One billion now hungry, says report on ‘right to food’

Published October 19, 2009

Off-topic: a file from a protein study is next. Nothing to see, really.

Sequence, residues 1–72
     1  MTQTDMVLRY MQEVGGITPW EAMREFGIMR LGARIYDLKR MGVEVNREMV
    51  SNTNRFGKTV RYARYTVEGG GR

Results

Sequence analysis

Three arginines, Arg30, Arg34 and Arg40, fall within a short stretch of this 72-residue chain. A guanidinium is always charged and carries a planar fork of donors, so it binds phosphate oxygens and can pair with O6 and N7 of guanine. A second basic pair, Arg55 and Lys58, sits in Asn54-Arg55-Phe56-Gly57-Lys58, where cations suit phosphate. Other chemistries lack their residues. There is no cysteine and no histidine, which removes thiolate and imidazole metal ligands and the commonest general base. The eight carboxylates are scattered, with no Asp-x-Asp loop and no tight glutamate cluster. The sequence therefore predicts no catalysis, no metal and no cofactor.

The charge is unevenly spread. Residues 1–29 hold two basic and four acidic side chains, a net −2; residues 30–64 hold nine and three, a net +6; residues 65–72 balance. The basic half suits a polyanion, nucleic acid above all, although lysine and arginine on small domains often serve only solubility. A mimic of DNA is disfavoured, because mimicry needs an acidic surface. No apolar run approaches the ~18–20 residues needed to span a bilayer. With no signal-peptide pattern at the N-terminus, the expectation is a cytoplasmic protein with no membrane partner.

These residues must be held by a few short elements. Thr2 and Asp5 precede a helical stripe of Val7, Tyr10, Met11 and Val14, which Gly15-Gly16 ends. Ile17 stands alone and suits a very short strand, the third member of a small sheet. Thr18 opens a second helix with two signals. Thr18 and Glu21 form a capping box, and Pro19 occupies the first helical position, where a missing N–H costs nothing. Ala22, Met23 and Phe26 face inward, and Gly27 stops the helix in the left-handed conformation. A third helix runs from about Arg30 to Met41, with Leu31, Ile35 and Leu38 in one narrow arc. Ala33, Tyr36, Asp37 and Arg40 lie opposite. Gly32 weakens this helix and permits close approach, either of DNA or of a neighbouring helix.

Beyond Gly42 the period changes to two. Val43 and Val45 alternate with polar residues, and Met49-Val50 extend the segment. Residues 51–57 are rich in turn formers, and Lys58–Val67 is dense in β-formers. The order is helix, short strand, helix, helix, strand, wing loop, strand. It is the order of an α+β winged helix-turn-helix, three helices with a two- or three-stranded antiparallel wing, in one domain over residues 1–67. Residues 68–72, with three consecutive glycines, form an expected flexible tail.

Failure by governments and international institutions to ensure people have access to food means that for the first time more than 1 billion people are undernourished, according to  a coalition of religious, human rights and development groups. “Despite record grain crops worldwide, the number of undernourished people in the world reached in 2009 the historically high figure of 1.02 billion people, about 100 million more than in 2008,” states a report released in Geneva on Oct.12  by groups including the Ecumenical Advocacy Alliance, the Swiss Protestant agency Bread for All, and the FoodFirst Information and Action Network, FIAN Switzerland.”With the onset of the global financial crisis in mid-2008, the world food crisis was pushed aside in international and even national political agendas,” states the report, Who controls the governance of the world food system?, the 2009 edition of the Right to Food and Nutrition Watch. The Watch aims to put public pressure on policy makers at the national and international level to take the right to food seriously. It annually provides a systematic compilation of best practices for the realization of the right to food, while documenting where violations take place. The launch of the report coincides with the October 11 to 18  Churches’ Week of Action on Food, which unites churches, Christian organizations and people of faith around the world in prayer, study and action.The report says that while trillions of dollars were allocated to save banks and insurance companies, only between 10 and 15 percent of the $20 billion dollars pledged in 2008 to support smallholder agriculture in developing countries has been allocated. Articles written by experts in the areas of food, nutrition and agriculture, examine why “the present world food system has proven unsuccessful in eradicating hunger and severe malnutrition.” Reports focus on the state of the implementation of the right to food and nutrition in nine countries: Benin, Brazil, Cambodia, India, Guatemala, Kenya, Nicaragua, Uganda and Zambia. The country reports highlight how the right to food and nutrition are connected to such issues as agro-fuel production, poverty or the right to land.”Right to food violations and chronic hunger are closely linked. Most victims of hunger and malnutrition are also victims of discrimination and exclusion, with no voice to be heard,” said Ester Wolf, a policy advisor on the Right to Food for Bread for All and member of the board of directors of the Ecumenical Advocacy Alliance.The alliance is an international network of more than 50 churches and Christian organizations committed to joint action on critical issues facing the world. In May, it launched a global campaign on food.


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